Location: Soil Management ResearchTitle: Giant ragweed emergence across the Midwestern United States) Author
Submitted to: Meeting Abstract
Publication Type: Abstract only
Publication Acceptance Date: 10/24/2012
Publication Date: 10/24/2012
Publication URL: scisoc.confex.com/scisoc/2012am/webprogram/Paper71648.html
Citation: Clay, S.A., Forcella, F., Davis, A.S., Sprague, C., Dille, J.A., Reicks, G., Ramirez, A.H., Taylor, E. 2012. Giant ragweed emergence across the Midwestern United States [abstract]. ASA-CSSA-SSSA Annual Meeting Abstracts. ASA-CSSA-SSSA Annual Meeting. Oct. 21-24, 2012, Cincinnati, OH. Available: http://scisoc.confex.com/scisoc/2012am/webprogram/Paper71648.html. Interpretive Summary:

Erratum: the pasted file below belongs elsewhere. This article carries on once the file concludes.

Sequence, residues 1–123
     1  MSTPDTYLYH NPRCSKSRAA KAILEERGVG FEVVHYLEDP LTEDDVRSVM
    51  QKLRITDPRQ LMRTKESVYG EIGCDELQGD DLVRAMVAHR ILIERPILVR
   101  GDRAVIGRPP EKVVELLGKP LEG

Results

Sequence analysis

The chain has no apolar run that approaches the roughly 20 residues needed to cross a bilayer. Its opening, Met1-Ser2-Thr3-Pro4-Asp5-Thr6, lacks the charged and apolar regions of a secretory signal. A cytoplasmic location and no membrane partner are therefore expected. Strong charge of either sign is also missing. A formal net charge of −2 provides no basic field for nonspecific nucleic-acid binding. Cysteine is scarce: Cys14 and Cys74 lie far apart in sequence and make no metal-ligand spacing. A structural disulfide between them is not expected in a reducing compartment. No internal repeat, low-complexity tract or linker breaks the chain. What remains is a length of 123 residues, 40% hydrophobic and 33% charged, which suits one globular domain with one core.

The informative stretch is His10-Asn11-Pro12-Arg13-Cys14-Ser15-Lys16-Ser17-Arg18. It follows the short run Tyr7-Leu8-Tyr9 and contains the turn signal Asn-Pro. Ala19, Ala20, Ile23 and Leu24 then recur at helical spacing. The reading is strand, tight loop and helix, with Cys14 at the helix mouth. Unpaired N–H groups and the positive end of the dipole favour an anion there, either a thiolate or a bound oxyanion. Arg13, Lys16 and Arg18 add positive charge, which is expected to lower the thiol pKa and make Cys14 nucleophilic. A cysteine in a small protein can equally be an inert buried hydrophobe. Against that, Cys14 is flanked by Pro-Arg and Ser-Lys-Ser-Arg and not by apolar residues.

Technical Abstract: Predicting weed emergence timing from the seed bank plays a critical role in scheduling early season post-emergence weed management operations to achieve the greatest efficacy. This study used common source seed (Illinois) in 13 site years in Illinois, Michigan, Kansas, and South Dakota to examine the importance of site and climate variability by year on giant ragweed (Ambrosia trifida) emergence. Thermal time, hydrothermal time, and modified hydrothermal time models were used with the Weibull equation to fit emergence data. Thermal time used GDD with a temperature base = 1 degree C accumulating from January 1 of each year. Hydrothermal time incorporated soil dryness when soil water potential was too low; thermal time did not accumulate. Modified hydrothermal time incorporated soil wetness as a parameter and thermal time did not accumulate if soil water potential was above -33 kPa. Regional emergence was not well estimated by calendar day; however, thermal time had a R2 = 0.79, indicating that soil temperature had a large influence on emergence. Incorporating soil dryness with hydrothermal time improved the regional estimate although minimally (R2 = 0.81). Investigating emergence within a site by combining year data sets often had poor model fit. However, both the hydrothermal and modified hydrothermal times did very well for a single year and site. Soil temperature and wetness prior to and during emergence had a large impact on start and end of emergence. The data from the current research indicate that while not robust across the region, emergence forecasts for giant ragweed under differing soil management scenarios can be predicted. If very wet conditions are prevalent in the spring, the modified model, using an upper boundary for water potential may be appropriate to better model seedling emergence.